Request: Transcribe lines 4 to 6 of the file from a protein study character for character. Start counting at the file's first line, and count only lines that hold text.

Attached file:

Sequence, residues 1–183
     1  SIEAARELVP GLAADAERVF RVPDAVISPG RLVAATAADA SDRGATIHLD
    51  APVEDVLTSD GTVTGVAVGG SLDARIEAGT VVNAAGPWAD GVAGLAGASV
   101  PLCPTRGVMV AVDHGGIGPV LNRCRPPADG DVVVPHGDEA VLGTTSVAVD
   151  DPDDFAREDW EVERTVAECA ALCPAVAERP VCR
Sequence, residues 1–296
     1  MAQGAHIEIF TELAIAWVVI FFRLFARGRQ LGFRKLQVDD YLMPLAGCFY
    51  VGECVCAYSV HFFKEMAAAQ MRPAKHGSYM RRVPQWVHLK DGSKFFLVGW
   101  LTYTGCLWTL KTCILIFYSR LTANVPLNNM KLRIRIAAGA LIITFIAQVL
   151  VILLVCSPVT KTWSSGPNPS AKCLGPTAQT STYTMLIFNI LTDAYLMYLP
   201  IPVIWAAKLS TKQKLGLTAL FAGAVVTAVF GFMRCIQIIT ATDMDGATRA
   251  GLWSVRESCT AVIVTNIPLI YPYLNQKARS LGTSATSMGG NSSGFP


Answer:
   101  PLCPTRGVMV AVDHGGIGPV LNRCRPPADG DVVVPHGDEA VLGTTSVAVD
   151  DPDDFAREDW EVERTVAECA ALCPAVAERP VCR
Sequence, residues 1–296